Posted by: Patricia Salkin | August 12, 2011

VT Supreme Court Holds No Vested Rights to Change in the Law After Application Filed

The applicant first sought approval to construct a gift shop and deli project under Act 250.  Both the District Commission and the former Environmental Board denied the application since the Board found that the application failed to satisfy Act 250 criteria 8, 9(B), and 10.  At the time criterion 9(B) required that the project would “not significantly reduce the agricultural potential of the primary agricultural soils,” or, if a significant reduction existed, that four sub-criteria were satisfied.  The board subsequently found that the agricultural potential would significantly be reduced and that the applicant did not meet its burden of proof as to the four sub-criteria. 

Applicant appealed the decision and the court affirmed and reversed in part.  The court reversed the Board’s determination as to criterion 10, but held that the Board did not err in that the project application failed to comply with criterion 8 or 9(B) and thus properly denied the permit.  Applicant’s motion for re-argument was denied as well.  A few months later applicant filed a reconsideration request since there had been a statutory amendment to the law in question.  While the amendment now allowed the applicant to comply with criterion 8 it still lacked compliance with criterion 9(B) since it had not changed the project.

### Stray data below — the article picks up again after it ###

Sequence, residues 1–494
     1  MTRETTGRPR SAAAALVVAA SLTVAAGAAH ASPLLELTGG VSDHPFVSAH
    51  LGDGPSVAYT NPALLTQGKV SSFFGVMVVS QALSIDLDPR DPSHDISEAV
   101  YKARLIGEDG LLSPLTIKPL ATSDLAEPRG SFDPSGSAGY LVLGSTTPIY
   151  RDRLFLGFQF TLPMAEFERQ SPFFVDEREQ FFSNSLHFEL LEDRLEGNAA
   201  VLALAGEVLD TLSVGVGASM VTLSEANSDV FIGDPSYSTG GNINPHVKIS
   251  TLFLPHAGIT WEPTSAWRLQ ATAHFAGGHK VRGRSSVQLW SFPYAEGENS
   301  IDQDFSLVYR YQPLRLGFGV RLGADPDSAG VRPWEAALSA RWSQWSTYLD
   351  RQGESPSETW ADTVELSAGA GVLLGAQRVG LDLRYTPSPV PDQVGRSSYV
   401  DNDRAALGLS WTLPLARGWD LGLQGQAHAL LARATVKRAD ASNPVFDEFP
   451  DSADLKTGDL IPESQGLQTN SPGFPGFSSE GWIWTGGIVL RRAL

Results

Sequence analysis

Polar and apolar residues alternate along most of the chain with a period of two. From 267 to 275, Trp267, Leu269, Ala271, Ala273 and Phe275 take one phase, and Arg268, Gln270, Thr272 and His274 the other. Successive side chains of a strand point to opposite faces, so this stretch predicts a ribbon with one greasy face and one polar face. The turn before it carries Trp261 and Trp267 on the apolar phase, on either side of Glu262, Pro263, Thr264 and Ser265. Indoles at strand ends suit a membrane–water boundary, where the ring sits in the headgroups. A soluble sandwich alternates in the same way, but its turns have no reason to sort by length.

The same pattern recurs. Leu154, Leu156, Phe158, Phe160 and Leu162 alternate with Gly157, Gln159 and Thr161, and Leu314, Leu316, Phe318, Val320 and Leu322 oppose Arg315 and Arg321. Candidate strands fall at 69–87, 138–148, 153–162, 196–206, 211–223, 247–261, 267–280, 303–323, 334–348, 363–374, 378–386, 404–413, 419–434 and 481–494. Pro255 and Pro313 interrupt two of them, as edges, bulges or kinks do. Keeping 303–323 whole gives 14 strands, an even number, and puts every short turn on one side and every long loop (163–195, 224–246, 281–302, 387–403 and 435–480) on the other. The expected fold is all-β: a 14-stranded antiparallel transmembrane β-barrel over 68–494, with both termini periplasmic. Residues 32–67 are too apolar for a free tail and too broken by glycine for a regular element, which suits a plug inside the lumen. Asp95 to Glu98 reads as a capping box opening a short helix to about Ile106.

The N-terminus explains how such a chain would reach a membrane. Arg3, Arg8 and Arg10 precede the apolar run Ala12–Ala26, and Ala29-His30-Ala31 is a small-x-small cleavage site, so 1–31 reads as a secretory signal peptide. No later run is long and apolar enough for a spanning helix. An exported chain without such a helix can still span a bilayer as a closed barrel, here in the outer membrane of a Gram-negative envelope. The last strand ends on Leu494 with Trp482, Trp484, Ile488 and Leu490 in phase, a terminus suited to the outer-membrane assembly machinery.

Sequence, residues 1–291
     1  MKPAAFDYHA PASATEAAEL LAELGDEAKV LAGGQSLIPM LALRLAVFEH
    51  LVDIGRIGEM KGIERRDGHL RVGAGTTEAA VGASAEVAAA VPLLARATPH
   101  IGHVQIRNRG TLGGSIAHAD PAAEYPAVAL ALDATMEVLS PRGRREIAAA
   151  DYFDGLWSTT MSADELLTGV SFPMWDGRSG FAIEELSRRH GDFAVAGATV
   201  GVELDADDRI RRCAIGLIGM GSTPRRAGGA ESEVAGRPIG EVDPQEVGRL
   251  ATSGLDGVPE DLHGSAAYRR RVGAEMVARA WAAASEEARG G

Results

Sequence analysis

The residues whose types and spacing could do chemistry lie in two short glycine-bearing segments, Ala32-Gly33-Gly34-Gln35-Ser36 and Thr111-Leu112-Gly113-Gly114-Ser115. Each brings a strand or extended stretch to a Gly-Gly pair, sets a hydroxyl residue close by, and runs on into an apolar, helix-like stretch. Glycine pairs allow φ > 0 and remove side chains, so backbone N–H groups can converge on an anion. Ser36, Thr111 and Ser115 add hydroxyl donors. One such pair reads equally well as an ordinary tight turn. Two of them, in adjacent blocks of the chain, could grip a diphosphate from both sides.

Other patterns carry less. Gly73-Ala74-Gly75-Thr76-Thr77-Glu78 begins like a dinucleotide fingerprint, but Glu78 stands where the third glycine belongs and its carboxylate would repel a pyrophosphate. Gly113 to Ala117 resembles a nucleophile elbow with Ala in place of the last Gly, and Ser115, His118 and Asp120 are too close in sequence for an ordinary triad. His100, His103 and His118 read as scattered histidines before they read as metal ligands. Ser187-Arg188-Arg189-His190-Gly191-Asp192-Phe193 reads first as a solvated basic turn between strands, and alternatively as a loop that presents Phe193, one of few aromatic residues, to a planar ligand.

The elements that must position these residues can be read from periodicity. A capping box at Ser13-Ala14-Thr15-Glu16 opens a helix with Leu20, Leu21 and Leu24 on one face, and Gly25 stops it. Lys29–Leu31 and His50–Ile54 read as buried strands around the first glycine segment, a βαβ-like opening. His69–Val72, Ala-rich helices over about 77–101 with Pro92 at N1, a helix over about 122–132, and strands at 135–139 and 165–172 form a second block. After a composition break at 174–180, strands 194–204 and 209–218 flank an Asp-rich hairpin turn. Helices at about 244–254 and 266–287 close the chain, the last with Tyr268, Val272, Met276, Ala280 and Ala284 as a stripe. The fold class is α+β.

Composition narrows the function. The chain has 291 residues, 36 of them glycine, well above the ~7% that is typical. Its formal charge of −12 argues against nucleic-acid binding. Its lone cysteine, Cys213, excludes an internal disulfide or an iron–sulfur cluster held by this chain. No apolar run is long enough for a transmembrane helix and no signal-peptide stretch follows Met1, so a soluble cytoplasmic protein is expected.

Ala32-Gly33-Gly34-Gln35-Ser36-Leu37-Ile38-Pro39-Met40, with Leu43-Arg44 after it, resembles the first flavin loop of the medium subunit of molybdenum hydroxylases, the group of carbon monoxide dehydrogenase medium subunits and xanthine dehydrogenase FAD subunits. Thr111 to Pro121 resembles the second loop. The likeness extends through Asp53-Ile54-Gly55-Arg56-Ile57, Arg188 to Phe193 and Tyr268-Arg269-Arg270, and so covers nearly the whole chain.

The court noted that the vested rights doctrine followed is the minority rule which permits applicants to gain a vested right in the governing laws and regulations in existence when a complete permit application is filed.  This means that the applicant has a vested right to the laws in effect at the time of its original permit application.  The only way applicant would be able to take advantage to the new change in law would be to restart the Act 250 permit process from the beginning. The Court rejected the argument that the submission of an application for reconsideration is a “vesting event” entitling the applicant to all law in effect at that time. 

In re Times and Seasons, 2011 WL 2652471 (VT 7/8/2011) 

The opinion can be accessed at:


  1. When I read the end result of this case I wonder at how complicated it all was and how many hours of lawyering had to be suffered by the applicants. Why does anyone try to develop anything in Vermont? Do you really own your property? When does common sense, not nonsense prevail? Thanks to Law of the Land for this great post!

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